How to become a Natural Resource Manager

Natural resource managers develop conservation plans for nature reserves, land and other natural resources, so that people can use these resources in an ecologically sustainable way. Natural resource managers specialising in land and biological resources work in agencies where they can apply ecological and planning principles to the management of renewable resources such as forests, grasslands and agricultural landscapes. Natural resource managers specialising in water and soil resources may apply their skills to several areas, including irrigated agriculture, drainage, water supply, water catchment management, pollution control and rehabilitation after mining activities.

Personal requirements of a Natural Resource Manager

  • Interested in conservation and management of the environment
  • Aptitude for science
  • Good oral and written communication skills
  • Able to work indoors and outdoors
  • Patient and able to persevere
  • Good project management skills

Education & Training for a Natural Resource Manager

To become a natural resource manager you usually have to complete a VET qualification. As subjects and prerequisites can vary between institutions, you should contact your chosen institution for further information. Entry to this occupation may be improved if you have a degree in environmental management, environmental science, sustainability or wildlife and conservation biology. To get into these courses you usually need to gain your Senior Secondary Certificate of Education. Prerequisite subjects, or assumed knowledge, in one or more of English, physics, chemistry, earth and environmental science, biology and mathematics are normally required. Universities have different prerequisites and some have flexible entry requirements or offer external study. Contact the institutions you are interested in for more information.

Duties & Tasks of a Natural Resource Manager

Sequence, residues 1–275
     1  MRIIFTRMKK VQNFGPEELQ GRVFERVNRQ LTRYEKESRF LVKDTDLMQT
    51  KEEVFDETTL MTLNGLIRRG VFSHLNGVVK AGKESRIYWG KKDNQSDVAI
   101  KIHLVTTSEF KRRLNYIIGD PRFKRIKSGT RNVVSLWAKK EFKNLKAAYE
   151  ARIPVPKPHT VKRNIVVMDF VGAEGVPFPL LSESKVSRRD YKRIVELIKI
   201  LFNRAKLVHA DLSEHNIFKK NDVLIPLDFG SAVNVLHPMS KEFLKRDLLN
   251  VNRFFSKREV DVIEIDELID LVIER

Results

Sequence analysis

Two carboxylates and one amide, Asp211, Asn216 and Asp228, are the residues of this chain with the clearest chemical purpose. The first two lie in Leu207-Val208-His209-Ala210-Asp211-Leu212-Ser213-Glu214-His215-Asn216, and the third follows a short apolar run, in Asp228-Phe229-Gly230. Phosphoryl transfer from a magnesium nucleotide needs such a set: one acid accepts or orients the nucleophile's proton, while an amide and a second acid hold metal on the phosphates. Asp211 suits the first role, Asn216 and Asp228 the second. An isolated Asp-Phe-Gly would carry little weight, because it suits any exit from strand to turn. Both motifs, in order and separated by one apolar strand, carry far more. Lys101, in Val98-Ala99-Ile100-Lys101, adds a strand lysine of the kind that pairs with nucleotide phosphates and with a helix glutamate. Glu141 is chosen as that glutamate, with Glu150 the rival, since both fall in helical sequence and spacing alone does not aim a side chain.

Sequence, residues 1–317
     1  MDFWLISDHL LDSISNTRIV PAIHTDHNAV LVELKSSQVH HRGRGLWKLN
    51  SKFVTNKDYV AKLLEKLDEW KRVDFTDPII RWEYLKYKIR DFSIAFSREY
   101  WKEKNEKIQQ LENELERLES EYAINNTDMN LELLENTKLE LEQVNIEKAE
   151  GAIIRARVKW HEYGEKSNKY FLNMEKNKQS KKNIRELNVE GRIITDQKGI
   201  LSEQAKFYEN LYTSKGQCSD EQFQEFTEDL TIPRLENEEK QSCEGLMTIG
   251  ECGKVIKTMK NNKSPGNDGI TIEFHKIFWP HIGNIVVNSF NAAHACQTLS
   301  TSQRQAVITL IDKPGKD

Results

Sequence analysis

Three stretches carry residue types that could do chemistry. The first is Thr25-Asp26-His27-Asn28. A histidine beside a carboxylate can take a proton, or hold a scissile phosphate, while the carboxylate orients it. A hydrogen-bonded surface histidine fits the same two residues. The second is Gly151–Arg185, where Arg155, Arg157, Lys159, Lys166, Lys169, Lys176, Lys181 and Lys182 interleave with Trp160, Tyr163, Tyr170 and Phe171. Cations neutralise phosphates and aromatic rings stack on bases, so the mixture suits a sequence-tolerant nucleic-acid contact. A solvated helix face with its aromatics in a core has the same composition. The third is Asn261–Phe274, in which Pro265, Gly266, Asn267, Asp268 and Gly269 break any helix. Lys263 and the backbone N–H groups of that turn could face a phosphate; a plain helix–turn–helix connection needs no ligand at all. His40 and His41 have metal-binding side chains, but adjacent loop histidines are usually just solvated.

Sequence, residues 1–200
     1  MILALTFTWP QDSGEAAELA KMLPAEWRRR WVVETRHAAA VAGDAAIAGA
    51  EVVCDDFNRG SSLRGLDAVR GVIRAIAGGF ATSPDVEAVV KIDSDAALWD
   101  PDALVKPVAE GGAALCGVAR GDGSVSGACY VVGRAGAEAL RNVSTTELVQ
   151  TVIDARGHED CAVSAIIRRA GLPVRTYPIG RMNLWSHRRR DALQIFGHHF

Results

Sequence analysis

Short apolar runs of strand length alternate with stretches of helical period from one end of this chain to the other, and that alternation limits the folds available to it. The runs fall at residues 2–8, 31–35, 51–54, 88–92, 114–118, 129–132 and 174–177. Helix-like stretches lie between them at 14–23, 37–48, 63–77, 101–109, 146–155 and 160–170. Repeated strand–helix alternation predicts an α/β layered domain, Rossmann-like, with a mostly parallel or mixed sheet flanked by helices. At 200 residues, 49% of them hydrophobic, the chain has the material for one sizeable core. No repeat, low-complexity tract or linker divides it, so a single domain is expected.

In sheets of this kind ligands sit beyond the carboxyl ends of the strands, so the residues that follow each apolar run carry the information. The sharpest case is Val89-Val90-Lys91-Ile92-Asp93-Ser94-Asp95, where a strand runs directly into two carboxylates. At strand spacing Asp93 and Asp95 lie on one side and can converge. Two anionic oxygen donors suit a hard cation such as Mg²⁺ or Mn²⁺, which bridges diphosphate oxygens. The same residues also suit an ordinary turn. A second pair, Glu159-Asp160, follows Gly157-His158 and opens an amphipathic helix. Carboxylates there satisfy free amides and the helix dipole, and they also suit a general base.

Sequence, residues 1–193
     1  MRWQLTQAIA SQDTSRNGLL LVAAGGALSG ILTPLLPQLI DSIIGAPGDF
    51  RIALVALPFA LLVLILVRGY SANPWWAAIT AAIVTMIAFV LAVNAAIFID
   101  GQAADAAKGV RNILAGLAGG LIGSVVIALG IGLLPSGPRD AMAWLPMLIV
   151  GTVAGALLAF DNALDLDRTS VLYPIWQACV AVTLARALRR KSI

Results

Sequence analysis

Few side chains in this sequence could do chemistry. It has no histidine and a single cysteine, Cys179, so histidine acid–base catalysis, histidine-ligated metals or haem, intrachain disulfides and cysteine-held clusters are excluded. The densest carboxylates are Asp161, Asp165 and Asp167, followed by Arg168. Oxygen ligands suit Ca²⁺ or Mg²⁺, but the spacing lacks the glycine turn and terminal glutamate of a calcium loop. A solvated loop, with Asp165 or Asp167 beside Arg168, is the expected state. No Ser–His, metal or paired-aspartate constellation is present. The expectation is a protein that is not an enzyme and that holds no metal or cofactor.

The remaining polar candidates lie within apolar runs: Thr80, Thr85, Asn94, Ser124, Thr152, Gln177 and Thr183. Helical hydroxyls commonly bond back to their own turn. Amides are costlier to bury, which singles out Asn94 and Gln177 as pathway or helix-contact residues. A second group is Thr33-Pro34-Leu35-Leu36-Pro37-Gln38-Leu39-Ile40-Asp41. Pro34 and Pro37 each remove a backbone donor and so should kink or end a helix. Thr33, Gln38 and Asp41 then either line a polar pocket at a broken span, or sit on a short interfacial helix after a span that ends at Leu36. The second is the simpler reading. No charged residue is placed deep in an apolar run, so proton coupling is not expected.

Natural resource managers:

  • assess techniques for flora and fauna conservation
  • monitor components of the environment, such as soil, water and air
  • develop practical solutions for environmental management and rehabilitation
  • develop techniques to ensure the development and use of vital land and water resources is ecologically sustainable
  • undertake plant and animal pest management
  • undertake bush regeneration activities
  • work with land managers to improve biodiversity on private lands
  • organise geological, plant and animal research
  • undertake laboratory work
  • develop resource management policy
  • work with government and environmental groups
  • run community education programs.

Employment Opportunities for a Natural Resource Manager

Natural resource managers are employed in the areas of catchment management, land care, recreation, research, soil conservation and wildlife management. They work in universities, the minerals industry, environmental organisations and government agencies that manage community-owned land (such as conservation parks, forest or local government reserves and Crown land). With greater community concern about environmental issues and increased demand for government accountability, resource management is a growing field. However, competition for entry level positions is very high. Gaining practical experience in conservation and land management is recommended.

Avg. weekly wage:


Future growth:


Employment by state:

ACT ACT 2.4%

NSW NSW 30.4%

NT NT 1.8%

QLD QLD 13.6%

SA SA 8.5%

TAS TAS 1.3%

VIC VIC 28.9%

WA WA 13%

Hours worked:



Lower unemployment

Gender split:

Male 60.8%

Female 39.2%

Education level:

Not completed Year 12: 6.4%

Highest qualification is secondary school: 6.4%

Highest qualification is a Certificate 3 or 4: 18.5%

Highest qualification is a Diploma or Advanced Diploma: 15.9%

Highest qualification is a Bachelor degree: 29.2%

Highest qualification is a Postgraduate Diploma or Graduate Certificate: 23.5%

Age brackets:

15-19 - 0.2%

20-24 - 2.7%

25-34 - 19.1%

35-44 - 27.8%

45-54 - 27.3%

55-59 - 9.2%

60-64 - 10.4%

65 and Over - 3.3%

*The data above is sourced from the Department of Employment’s Job Outlook website.

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